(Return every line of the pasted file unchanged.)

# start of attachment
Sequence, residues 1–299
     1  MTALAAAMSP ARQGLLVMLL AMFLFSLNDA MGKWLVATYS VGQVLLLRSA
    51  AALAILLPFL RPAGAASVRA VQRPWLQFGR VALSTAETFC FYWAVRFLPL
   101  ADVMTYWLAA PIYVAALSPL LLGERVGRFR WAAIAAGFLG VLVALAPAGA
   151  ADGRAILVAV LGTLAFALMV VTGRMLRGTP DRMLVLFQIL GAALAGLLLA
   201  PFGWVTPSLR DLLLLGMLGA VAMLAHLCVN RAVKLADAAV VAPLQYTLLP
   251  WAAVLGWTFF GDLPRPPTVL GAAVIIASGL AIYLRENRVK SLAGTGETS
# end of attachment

Sequence, residues 1–299
     1  MTALAAAMSP ARQGLLVMLL AMFLFSLNDA MGKWLVATYS VGQVLLLRSA
    51  AALAILLPFL RPAGAASVRA VQRPWLQFGR VALSTAETFC FYWAVRFLPL
   101  ADVMTYWLAA PIYVAALSPL LLGERVGRFR WAAIAAGFLG VLVALAPAGA
   151  ADGRAILVAV LGTLAFALMV VTGRMLRGTP DRMLVLFQIL GAALAGLLLA
   201  PFGWVTPSLR DLLLLGMLGA VAMLAHLCVN RAVKLADAAV VAPLQYTLLP
   251  WAAVLGWTFF GDLPRPPTVL GAAVIIASGL AIYLRENRVK SLAGTGETS